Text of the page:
Tobacco Center Faculty Blog

May 27, 2020

Stanton A. Glantz, PhD

Streaming technologies have exploded Hollywood's old business models. The COVID-19 pandemic, as of spring 2020, has halted studio production and distribution in the US and Europe.

Many ask if the movie industry will ever be the same again.

But a new report from UCSF's Smokefree Movies project and Breathe California Sacramento Region may leave you asking if Hollywood has fundamentally changed at all.

Nearly a century after Big Tobacco started exploiting movies to sell its addictive product, and fully half a century since America banned tobacco commercials from TV and radio, smoking is on the rise on more screens than ever. Yet film and TV ratings still don't take tobacco into account.

Some of the new report's major findings:

• The amount of smoking in top-grossing movies rose to 3,618 incidents in 2019, the most in more than a decade.

• In-theater tobacco impressions more than doubled over the past five years, from 9.3 billion in 2015 to 23.7 billion in 2019.

• For the first year since this survey began, in 2019 independent movie companies accounted for more than half of youth-rated movies with smoking, youth-rated tobacco incidents, and youth-rated tobacco impressions. Independents also released a historically high number of R-rated movies with smoking.

May 26, 2020

Stanton A. Glantz, PhD

Tanner Wakefield and I just released our long-awaited “state report” on tobacco policymaking in Louisiana, Blowing Smoke Out of the Bayou:  The Battle for Tobacco Control in Louisiana.   This report covers Louisiana’s rich history of battling the tobacco industry in the half-century since the 1970s.


This is, by far, the longest state report we have ever published, which reflects the fact that every possible tobacco control policy has been the subject of vigorous debate – and progress – in Louisiana.  In most states, a few issues – smokefree laws, taxes, tort reform, and others – are the central focus.  Louisiana had them all.  This research also benefitted from many internal tobacco industry documents that allowed us to dig into the behind-the-scenes activities of the industry and its allies.


Here is the Executive Summary:


•     Louisiana consistently ranks nearly last for health and smoking in the United States.

•     As of 2018, Louisiana had above average smoking prevalence for adults (20.5%) and youth (13.5% of high school and 3.8% for middle school students) in the United States (44th for adults).

•     The tobacco industry dominated Louisiana tobacco control policymaking during the 1970s, 1980s and 1990s.

May 25, 2020

Stanton A. Glantz, PhD

Last March Jasmine Khouja and colleagues published “Is e-cigarette use in non-smoking young adults associated with later smoking? A systematic review and meta-analysis” in Tobacco Control.  This is the most comprehensive meta-analysis to data and convincingly shows that youth and young adults (up to age 30) who initiate nicotine use with e-cigarettes are, much more likely to be smoking cigarettes later.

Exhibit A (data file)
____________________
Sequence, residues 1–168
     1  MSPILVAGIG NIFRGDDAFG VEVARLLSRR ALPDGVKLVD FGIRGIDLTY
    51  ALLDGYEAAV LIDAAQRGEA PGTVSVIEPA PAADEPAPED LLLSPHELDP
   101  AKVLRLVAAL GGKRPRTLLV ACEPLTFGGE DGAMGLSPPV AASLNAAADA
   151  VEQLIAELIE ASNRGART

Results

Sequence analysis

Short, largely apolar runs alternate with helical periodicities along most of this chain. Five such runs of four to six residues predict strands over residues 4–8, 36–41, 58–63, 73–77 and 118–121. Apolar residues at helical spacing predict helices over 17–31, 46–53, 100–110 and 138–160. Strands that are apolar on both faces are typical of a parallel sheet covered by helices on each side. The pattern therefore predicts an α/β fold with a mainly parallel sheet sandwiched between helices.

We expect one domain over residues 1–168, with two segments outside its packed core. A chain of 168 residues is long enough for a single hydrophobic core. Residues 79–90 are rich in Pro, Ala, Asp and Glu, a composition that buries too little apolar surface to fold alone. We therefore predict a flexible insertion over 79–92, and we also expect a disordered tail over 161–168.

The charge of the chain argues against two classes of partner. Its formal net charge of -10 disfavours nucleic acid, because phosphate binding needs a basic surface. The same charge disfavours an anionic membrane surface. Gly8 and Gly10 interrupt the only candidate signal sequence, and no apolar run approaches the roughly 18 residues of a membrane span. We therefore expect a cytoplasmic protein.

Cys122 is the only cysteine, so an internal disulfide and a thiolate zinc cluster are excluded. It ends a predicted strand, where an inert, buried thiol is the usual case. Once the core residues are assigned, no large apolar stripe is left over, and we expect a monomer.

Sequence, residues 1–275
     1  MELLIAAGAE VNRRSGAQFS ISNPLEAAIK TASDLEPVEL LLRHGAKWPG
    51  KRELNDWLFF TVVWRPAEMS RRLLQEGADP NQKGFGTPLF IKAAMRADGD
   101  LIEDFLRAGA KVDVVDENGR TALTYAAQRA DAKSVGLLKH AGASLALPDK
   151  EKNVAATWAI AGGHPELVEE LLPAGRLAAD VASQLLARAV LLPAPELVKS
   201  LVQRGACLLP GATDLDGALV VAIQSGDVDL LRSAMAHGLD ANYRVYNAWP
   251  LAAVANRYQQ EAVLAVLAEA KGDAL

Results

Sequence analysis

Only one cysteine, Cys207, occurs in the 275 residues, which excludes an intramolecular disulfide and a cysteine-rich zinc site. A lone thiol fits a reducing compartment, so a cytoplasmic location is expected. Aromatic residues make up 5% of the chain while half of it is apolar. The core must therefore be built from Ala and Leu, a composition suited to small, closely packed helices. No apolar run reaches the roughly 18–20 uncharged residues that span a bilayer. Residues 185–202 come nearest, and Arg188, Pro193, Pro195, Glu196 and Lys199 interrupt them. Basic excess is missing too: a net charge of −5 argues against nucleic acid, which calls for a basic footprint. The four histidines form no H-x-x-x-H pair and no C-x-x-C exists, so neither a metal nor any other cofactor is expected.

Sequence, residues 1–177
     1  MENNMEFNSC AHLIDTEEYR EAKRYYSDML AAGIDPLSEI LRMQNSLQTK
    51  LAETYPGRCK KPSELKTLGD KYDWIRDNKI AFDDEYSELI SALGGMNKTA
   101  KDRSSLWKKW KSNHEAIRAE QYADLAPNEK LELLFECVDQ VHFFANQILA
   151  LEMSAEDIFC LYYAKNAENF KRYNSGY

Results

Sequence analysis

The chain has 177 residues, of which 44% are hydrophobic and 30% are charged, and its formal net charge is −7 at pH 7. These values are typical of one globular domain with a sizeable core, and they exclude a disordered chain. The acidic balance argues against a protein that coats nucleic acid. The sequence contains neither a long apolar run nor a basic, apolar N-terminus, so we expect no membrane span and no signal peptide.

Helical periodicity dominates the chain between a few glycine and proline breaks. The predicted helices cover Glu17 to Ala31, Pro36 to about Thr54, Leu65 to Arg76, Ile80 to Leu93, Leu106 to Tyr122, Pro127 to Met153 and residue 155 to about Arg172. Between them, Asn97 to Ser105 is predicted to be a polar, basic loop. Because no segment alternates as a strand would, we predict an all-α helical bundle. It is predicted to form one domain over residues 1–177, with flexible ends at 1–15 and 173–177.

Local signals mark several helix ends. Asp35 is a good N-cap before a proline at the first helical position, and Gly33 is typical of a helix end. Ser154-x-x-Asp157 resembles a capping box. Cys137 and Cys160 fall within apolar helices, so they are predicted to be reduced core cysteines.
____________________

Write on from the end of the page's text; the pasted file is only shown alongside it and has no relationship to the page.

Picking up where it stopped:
The paper includes 17 studies from the US, UK, Mexico, Germany, and the Netherlands. Every single one of these studies showed that e-cigarette use was associated with significantly increased odds of subsequent cigarette smoking initiation.

May 22, 2020

Stanton A. Glantz, PhD

Locking down doesn't mean falling silent.

In this YouTube video, Cathy Rowan, representing the Maryknoll Sisters, asks the CEO of Netflix to pledge to keep future videos with substantial youth viewership smokefree — and keep tobacco brands out of all future videos, regardless of rating.

She asks CEO Reed Hastings (2019 compensation, $38.6 million):

With young people out of school and spending more time in front of the screen, how many are learning to smoke?

#AskTheCEO is a program started by the Interfaith Center for Corporate Responsibility (ICCR), more than 300 global institutional investors managing half a trillion doillars in assets. The online feature directs shareholder questions to CEOs in virtual shareholder meetings. 

Socially-responsible investors have long worked to get smoking out of the films and TV shows that kids see most. They have filed shareholder resolutions and carry on direct dialogues with many of America's biggest media companies.

May 20, 2020

Stanton A. Glantz, PhD

Candice Bowling, Amy Hafez and I just published “Public Health and Medicine’s Need to Respond to Cannabis Commercialization in the United States: A Commentary” in the Journal of Psychoactive Drugs.  This paper traces the entry of multinational corporations into the cannabis business and describes how current federal drug policy makes it almost impossible to conduct research on the products people are actually using.  The resulting information vacuum plays into Big Business’ hands because it means that most of the health “information” is coming from the companies who are profiting from selling these new products. 

We also highlight the need for health advocacy groups to more broadly enter the cannabis policy debate.  With a couple notable exceptions, such as the American Public Health Association and American Academy of Pediatrics, the silence of health and medical groups has left a vacuum that is being filled by cannabis advocates.

This is not an argument against decriminalization; it is an argument for federal policy to catch up with reality so that personal, clinical, and policy positions can be based on evidence.

Here is the abstract: